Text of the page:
In rehearsal, the somber nature of “Dark Elegies” contrasts with John and Amanda’s gentle and encouraging staging. This couple are not only visiting artistic associates, but also highly accomplished ballet dancers in their own right. Mary Beth Cabana and John Gardner went to art school in Illinois together, and Amanda and John originally came to Ballet Tucson as performers, gradually making the transition to teachers. When Mary Beth founded Ballet Tucson, John was performing with the American Ballet Theatre in New York City. Mary Beth asked if John and Amanda would be willing to come out to Tucson to perform, and to teach, and the couple have worked with Ballet Tucson ever since.
Amanda reflects: “There aren’t that many husband and wife teams in ballet, for whatever reason. But we can be much more efficient as a team. We can go much faster and we can bring different sensibilities to each piece. It allows us to come at our work from different angles and be much more thorough. In rehearsal one person can’t see everything, no matter how hard you try. It’s really helpful to have two pairs of eyes, and to have someone who is a different gender too. We can be a lot more specific than if it’s just one of us.”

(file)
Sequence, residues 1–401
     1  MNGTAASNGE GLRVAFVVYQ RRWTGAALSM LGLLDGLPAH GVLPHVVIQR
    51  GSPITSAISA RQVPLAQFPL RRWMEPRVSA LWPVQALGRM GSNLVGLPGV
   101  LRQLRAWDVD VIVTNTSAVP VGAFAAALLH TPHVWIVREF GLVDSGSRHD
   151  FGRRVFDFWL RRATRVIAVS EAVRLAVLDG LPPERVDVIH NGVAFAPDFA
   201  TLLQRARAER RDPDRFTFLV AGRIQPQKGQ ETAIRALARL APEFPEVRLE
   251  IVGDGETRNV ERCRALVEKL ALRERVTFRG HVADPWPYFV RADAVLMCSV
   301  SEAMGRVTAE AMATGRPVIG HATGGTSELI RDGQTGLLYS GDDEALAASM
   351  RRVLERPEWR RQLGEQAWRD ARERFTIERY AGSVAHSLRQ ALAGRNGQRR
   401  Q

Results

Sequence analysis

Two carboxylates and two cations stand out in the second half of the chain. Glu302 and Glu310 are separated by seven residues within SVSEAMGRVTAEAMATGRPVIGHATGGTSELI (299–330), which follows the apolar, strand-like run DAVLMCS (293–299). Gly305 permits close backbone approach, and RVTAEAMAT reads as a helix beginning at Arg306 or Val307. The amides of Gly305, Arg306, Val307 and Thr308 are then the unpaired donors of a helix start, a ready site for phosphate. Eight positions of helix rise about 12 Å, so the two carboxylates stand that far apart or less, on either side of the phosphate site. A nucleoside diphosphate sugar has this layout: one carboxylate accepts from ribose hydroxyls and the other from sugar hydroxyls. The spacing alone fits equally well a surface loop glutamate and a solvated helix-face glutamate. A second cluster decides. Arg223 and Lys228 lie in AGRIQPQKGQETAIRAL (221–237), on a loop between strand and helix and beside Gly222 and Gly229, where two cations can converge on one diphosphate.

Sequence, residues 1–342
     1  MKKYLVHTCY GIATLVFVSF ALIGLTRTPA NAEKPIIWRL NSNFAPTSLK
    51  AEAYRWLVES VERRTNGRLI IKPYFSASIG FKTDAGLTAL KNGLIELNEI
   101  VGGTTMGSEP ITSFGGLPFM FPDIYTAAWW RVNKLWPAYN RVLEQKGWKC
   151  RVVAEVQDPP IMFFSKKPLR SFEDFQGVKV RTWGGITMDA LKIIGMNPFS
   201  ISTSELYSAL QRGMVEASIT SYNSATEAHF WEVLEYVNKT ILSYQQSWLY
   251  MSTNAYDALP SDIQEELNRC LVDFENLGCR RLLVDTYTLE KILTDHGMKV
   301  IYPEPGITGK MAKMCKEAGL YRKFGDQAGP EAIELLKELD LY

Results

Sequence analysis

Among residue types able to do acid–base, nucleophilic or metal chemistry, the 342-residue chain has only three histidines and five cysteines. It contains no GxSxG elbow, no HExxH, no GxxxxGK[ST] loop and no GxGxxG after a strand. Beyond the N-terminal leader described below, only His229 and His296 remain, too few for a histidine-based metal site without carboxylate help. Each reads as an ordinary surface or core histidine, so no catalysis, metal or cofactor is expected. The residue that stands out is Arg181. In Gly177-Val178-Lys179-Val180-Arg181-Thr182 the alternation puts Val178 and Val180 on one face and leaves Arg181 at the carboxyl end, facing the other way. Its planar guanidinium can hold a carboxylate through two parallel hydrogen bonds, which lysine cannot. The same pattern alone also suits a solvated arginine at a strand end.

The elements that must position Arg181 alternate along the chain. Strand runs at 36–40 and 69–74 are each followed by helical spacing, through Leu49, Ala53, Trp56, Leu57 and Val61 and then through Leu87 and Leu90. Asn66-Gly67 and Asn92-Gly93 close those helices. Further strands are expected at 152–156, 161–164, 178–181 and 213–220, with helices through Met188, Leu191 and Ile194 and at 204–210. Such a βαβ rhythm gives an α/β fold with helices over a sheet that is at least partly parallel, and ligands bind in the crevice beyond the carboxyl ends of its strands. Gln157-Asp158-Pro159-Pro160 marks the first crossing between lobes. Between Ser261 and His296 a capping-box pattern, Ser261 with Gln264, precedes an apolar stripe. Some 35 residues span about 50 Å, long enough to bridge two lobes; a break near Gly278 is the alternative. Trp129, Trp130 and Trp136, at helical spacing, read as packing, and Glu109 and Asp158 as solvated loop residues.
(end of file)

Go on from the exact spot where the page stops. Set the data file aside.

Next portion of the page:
A few days after the open rehearsal, I received another not-to-be-missed invitation, from another husband-and-wife team: Dinner at the house of Ballet Tucson dancers Jenna Johnson and Daniel Precup. Tall, poised, and worldly, they are as elegant a couple as I have ever met. Daniel’s charming Old-World Romanian manners reminded me of my childhood travels in Europe, and the plum brandy we were served as an aperitif was as strong and warming as a winter bonfire.
And so, after half a lifetime spent in the performing arts—in my case as a rock ‘n’ roll bassplayer and singer, and later as a television host—I find myself becoming acquainted with a fascinating circle of talented and passionate performers from a world almost entirely new to me. Ballet Tucson is both a family and a labor of love, and also an unusual opportunity to watch romantic partners following their muse together. Commenting on the working relationship with her husband, Amanda McKerrow told me, with more than a little joy in her voice: “I love what I do but I love it a lot more becuase I do it with him.”
Ballet Tucson’s Dance & Dessert will take place on March 12, 13 and 14 at the Stevie Eller Dance Theatre at 1737 East University Boulevard on the U of A campus. Enjoy an “electic program” plus “gourmet desserts from may of Tucson’s favorite restaurants.”
Tickets can be purchased directly from Ballet Tucson. Call (520) 903-1445 for more information, or visit the Ballet Tucson website.